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  1. #1
    Join Date
    Mar 2011
    ADL, AUS
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    Beginners questions

    Lately i've been looking into bike frame building. I've got a background in metal work and as such am a competent mig welder, and solder/brazer and i've done a small amount of TIG but have access to one and plenty of scrap to practice with.

    Essentially, i'm curious as to the effects of welded joins on a bike. From what i'm familiar with the process and heat transfer generally causes the parent metal to soften in the area heated and can lead to stresses/cracks, etc. Is there a process of heat treatment/work hardening undertaken after joining to combat this?

    I'm also assuming this is why there seems to be a preference to soldering/brazing and it's lower temperatures? Does this come with its own complications too?

    Hope i've managed to explain myself properly, and cheers in advance for any and all answers!

  2. #2
    Join Date
    Aug 2005
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    One doesn't weld bikes, one welds metal, and each metal may have some different characteristics. In general though, welding does not harm tubing/metal within it's design parameters. Meaning the tubing is configured and sized in order to have the required strength post weld. Some tubings make use of air hardening steels to improve the post weld strength of the tubing (something I don't really think is necessary or likely to roll out with consistency). Aircraft culture is big on mildly post heating tubing in order reduce undesired hardening. This does not seem to be necessary within the parameters of bike welding.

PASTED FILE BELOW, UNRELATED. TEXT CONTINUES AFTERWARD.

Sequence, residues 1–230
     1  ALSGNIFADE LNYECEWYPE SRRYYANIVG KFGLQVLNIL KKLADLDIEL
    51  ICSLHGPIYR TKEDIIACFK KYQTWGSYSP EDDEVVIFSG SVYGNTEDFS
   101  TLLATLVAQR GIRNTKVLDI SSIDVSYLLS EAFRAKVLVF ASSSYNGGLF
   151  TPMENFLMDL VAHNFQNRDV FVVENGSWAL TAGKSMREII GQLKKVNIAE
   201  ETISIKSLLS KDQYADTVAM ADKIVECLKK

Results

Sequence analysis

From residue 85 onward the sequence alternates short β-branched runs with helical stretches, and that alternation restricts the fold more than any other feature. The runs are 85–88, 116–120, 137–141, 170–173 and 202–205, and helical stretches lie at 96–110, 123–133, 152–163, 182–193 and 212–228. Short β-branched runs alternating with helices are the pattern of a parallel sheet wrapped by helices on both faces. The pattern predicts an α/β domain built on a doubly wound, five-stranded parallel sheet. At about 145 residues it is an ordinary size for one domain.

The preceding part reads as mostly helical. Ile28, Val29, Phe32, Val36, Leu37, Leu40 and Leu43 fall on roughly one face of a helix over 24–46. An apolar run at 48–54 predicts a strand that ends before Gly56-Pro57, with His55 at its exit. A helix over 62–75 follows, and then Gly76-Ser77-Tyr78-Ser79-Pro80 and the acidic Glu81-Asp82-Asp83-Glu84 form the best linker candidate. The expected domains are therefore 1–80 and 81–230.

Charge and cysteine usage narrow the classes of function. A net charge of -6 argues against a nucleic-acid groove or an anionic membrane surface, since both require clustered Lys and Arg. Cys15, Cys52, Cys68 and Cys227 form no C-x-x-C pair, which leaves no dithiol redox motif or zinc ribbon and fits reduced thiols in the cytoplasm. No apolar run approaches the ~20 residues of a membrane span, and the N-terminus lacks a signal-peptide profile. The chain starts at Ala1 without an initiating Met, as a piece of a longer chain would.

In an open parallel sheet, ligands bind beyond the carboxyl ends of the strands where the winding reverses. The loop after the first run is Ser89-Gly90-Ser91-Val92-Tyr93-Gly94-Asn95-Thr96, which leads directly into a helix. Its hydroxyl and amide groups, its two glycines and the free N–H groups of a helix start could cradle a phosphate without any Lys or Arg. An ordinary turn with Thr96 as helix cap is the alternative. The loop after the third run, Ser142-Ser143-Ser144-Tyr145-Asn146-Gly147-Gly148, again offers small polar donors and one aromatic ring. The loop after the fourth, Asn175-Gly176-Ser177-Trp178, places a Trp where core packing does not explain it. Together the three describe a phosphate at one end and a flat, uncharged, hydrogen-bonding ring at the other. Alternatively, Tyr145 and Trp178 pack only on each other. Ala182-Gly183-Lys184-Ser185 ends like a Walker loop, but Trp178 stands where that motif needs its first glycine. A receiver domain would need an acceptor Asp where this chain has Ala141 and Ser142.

The designed for success stuff applies to brazed or lugged joints also. While parent metal is not melted in those processes, the heating is elevated and prolonged, compared to TIG. This isn't ideal either. The take-away is that any of the processes have a list of benefits that can be hyped or disparaged. They all work.

    PS Some of the "problems" with heat affects you are referring to are mostly related to the welding of heat treated metal. For instance if you are trying to weld a threaded rod section to a Bowie knife blade in the fabrication of the tang, it can be near to impossible to do this without affecting blade temper, and the weld can cause the high carbon steel side of the tang to develop hardness that will later fail in hard use. It doesn't appear to be a preferred option to attach the threaded section before the blade is forged/heat treated, because, possibly the threads would loose definition. This is an example where silver braze can come to the rescue. It will join metals of dissimilar carbon composition, without elevating the hardness during soldering , or with due care, drawing the precious temper. While obviously heat treated metals are not the only ones affected in the zone, that is often the kind of problem I hear welding trained guys worried about even when there isn't cause. In short, relax!

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